1. I feel for this topic when it comes to inherent biases and taking notice of discrepancies between the genders we tend to overlook the holistic view. We need to recognize that we are only a few decades removed from the second wave of feminism and therefore we need to stop being surprised when we notice the inherent differences till running between men and women. The way women are taught and learn is still in a heavily dominated male world with the generation after second feminism dropping the ball and allowing the movement to stagnant and therefore future generations of women to suffer and pick up the slack. Women are still pushing past what they see from the media, school, home, and in the public of how a women is ‘supposed’ to act and we’ve been taught to be meek and unassuming and therefore it isn’t surprising that more women don’t speak out and ask questions when in large crowds like those of a science conference. We need to teach women that their voices can’t be heard if they don’t speak up first. I think submitting questions to twitter will help a lot in ways of making women speak up more and help with unintentional biases.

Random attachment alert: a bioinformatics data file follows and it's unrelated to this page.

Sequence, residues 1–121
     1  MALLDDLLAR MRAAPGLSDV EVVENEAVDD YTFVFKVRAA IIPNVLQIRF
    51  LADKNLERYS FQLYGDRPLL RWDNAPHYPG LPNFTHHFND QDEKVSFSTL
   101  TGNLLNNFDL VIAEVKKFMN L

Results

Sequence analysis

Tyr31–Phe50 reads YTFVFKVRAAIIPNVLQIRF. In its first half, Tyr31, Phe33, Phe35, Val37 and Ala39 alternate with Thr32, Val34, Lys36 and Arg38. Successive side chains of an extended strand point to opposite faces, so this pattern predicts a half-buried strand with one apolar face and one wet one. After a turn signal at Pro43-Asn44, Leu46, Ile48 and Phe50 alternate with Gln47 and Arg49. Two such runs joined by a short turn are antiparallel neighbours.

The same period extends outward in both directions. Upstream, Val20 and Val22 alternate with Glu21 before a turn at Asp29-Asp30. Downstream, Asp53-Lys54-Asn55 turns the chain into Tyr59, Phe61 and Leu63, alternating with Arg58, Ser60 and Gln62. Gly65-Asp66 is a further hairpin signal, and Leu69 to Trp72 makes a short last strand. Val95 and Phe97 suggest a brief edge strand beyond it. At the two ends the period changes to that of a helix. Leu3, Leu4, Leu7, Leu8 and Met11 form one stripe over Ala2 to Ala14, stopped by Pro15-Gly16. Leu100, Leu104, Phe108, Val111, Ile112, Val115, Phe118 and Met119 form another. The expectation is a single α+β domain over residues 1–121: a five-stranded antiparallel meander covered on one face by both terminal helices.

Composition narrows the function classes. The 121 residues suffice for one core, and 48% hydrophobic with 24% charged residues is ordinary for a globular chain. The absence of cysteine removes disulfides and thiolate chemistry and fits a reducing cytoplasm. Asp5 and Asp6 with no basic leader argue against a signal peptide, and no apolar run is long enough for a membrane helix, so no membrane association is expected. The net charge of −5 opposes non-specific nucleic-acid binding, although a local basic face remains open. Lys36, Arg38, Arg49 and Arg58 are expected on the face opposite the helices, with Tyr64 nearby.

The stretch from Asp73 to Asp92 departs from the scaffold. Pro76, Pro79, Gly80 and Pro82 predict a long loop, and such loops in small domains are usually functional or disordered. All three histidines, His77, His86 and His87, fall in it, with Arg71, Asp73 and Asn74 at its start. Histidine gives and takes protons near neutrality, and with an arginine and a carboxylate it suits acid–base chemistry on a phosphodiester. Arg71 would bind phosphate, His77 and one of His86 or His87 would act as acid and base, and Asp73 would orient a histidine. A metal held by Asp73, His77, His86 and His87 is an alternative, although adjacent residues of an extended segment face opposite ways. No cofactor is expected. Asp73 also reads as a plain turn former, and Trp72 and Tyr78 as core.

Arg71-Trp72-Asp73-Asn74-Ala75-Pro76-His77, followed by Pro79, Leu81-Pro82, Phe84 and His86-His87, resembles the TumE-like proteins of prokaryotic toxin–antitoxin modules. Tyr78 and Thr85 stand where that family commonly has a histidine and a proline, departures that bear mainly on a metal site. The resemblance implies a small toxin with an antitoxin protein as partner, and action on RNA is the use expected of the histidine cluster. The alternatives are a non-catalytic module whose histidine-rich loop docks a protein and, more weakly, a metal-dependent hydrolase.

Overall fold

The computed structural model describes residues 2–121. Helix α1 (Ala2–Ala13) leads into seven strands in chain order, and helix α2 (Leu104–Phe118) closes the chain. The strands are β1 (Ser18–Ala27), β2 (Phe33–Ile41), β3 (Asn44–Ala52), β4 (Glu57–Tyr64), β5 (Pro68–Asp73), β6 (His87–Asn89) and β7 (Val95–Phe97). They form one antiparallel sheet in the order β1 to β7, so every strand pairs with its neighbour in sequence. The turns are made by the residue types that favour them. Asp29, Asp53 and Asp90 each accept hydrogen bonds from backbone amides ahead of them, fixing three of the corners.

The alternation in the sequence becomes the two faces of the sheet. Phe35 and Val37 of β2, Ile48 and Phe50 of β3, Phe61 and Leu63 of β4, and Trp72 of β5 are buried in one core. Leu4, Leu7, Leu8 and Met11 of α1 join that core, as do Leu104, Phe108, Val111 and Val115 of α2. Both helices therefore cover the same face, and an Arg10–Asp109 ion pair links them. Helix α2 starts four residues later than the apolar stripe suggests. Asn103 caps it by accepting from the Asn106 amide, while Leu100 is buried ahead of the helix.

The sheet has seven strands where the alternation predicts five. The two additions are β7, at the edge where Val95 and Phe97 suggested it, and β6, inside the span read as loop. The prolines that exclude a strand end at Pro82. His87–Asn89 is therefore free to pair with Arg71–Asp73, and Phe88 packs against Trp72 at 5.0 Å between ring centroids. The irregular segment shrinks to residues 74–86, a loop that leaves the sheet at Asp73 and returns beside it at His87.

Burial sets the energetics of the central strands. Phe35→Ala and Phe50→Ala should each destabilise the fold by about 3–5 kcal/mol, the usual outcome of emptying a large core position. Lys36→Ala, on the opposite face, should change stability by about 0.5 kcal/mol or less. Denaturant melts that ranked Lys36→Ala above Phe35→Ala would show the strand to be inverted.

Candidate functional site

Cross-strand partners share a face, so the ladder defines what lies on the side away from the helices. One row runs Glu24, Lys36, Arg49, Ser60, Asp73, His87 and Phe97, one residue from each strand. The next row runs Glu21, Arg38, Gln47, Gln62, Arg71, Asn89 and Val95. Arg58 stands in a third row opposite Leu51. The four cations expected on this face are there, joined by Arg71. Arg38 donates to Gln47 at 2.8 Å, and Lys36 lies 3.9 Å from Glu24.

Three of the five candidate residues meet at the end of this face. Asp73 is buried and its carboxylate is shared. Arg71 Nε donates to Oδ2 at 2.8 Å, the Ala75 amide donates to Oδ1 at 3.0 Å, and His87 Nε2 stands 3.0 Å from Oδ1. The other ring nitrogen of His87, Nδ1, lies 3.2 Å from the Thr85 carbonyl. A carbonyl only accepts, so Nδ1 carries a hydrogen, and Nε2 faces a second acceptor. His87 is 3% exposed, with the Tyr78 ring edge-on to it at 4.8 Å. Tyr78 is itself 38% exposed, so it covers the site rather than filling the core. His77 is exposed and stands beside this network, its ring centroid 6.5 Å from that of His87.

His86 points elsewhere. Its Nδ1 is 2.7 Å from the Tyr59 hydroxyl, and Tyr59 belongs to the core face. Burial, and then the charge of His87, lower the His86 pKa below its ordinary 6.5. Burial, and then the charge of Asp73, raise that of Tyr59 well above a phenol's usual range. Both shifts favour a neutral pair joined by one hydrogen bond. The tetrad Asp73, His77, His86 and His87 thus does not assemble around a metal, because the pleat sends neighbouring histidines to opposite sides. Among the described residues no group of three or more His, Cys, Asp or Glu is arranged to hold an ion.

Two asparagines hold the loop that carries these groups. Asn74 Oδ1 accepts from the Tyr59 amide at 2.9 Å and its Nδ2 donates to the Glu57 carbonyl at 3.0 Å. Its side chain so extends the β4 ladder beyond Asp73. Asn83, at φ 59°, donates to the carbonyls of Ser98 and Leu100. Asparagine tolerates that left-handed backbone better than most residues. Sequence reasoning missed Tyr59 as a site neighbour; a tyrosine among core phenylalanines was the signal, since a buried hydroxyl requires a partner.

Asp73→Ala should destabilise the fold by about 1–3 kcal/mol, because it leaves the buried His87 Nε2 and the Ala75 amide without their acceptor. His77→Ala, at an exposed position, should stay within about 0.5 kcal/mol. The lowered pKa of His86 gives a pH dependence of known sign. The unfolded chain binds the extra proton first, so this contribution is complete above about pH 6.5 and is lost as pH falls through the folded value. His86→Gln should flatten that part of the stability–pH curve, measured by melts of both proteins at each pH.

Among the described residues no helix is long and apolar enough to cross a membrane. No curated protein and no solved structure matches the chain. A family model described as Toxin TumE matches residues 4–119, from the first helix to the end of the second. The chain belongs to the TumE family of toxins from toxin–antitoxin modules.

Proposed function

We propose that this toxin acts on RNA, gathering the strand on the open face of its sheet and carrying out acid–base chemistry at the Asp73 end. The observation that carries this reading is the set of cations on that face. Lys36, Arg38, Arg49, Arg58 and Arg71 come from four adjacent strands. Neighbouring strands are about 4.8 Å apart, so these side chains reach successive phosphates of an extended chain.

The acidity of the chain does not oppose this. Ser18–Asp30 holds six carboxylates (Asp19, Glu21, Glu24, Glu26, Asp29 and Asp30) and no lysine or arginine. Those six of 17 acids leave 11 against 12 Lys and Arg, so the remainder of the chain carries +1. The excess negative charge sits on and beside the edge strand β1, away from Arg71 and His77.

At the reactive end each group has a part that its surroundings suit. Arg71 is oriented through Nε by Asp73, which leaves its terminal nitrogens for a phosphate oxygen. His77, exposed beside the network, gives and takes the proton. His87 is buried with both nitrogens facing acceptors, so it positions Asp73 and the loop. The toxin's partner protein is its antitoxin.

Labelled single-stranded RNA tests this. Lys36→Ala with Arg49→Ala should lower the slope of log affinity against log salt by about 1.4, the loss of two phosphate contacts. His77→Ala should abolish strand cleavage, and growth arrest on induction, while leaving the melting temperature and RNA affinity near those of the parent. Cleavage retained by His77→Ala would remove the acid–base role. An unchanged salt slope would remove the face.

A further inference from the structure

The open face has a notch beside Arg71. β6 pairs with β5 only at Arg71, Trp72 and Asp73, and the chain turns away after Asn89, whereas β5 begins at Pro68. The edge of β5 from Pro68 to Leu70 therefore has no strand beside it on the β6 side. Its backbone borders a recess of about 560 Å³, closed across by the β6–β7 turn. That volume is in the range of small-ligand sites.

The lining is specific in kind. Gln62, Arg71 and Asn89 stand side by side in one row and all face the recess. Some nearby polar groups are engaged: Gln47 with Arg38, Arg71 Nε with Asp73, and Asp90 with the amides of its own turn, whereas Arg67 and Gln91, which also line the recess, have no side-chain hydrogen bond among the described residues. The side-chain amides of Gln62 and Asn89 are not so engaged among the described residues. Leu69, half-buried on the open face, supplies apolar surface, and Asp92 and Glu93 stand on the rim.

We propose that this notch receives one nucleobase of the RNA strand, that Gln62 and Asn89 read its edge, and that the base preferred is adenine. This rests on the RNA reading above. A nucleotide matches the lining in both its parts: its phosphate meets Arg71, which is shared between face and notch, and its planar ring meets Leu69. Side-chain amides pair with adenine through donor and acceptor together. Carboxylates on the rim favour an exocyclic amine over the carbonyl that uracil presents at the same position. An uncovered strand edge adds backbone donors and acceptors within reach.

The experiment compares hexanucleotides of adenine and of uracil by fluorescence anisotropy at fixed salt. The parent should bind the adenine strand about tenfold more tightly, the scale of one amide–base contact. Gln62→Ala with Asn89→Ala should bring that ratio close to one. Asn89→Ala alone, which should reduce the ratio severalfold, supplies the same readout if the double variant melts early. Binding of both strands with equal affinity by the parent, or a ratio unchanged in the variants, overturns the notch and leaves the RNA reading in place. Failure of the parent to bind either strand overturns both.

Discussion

2. I agree with Samantha because the majority of STEM fields are male-dominated; as a result, there will be more men at these conferences whether they are speakers or attendees. As speakers, women and men need to ensure that they are reaching their entire audience. Additionally, these conferences are usually attended by individuals who know each other. Therefore, when it is time for the Q&A portion, some speakers tend to call on people that they know to elicit a favorable response. Networking and relationship building is integral in helping people develop their voice and making them visible. I feel that female attendees should strive to make connections at these events which will help ensure that their questions are both acknowledged and answered.